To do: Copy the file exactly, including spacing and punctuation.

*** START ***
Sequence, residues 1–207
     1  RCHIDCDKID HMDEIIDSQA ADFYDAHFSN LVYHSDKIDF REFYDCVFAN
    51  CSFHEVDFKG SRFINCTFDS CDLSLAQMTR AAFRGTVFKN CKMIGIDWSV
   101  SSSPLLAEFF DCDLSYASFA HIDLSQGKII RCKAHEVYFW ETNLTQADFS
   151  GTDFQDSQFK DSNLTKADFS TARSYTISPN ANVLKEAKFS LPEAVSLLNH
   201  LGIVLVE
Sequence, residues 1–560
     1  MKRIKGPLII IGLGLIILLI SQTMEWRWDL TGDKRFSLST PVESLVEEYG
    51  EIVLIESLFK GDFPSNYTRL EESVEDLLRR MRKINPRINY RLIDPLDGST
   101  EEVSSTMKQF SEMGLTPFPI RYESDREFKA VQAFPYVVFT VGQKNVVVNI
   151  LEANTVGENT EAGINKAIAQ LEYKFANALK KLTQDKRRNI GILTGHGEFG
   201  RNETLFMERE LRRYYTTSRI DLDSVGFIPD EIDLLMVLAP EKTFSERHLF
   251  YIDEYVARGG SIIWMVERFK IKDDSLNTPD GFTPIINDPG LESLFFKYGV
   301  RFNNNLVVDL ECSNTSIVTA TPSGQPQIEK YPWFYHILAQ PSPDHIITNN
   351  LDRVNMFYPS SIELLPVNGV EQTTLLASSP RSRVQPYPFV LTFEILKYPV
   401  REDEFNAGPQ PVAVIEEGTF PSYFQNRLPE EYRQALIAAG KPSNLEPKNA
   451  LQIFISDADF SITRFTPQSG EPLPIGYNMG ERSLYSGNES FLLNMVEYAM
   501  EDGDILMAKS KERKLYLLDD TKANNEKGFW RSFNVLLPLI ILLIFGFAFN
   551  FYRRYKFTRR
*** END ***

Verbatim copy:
Sequence, residues 1–207
     1  RCHIDCDKID HMDEIIDSQA ADFYDAHFSN LVYHSDKIDF REFYDCVFAN
    51  CSFHEVDFKG SRFINCTFDS CDLSLAQMTR AAFRGTVFKN CKMIGIDWSV
   101  SSSPLLAEFF DCDLSYASFA HIDLSQGKII RCKAHEVYFW ETNLTQADFS
   151  GTDFQDSQFK DSNLTKADFS TARSYTISPN ANVLKEAKFS LPEAVSLLNH
   201  LGIVLVE
Sequence, residues 1–560
     1  MKRIKGPLII IGLGLIILLI SQTMEWRWDL TGDKRFSLST PVESLVEEYG
    51  EIVLIESLFK GDFPSNYTRL EESVEDLLRR MRKINPRINY RLIDPLDGST
   101  EEVSSTMKQF SEMGLTPFPI RYESDREFKA VQAFPYVVFT VGQKNVVVNI
   151  LEANTVGENT EAGINKAIAQ LEYKFANALK KLTQDKRRNI GILTGHGEFG
   201  RNETLFMERE LRRYYTTSRI DLDSVGFIPD EIDLLMVLAP EKTFSERHLF
   251  YIDEYVARGG SIIWMVERFK IKDDSLNTPD GFTPIINDPG LESLFFKYGV
   301  RFNNNLVVDL ECSNTSIVTA TPSGQPQIEK YPWFYHILAQ PSPDHIITNN
   351  LDRVNMFYPS SIELLPVNGV EQTTLLASSP RSRVQPYPFV LTFEILKYPV
   401  REDEFNAGPQ PVAVIEEGTF PSYFQNRLPE EYRQALIAAG KPSNLEPKNA
   451  LQIFISDADF SITRFTPQSG EPLPIGYNMG ERSLYSGNES FLLNMVEYAM
   501  EDGDILMAKS KERKLYLLDD TKANNEKGFW RSFNVLLPLI ILLIFGFAFN
   551  FYRRYKFTRR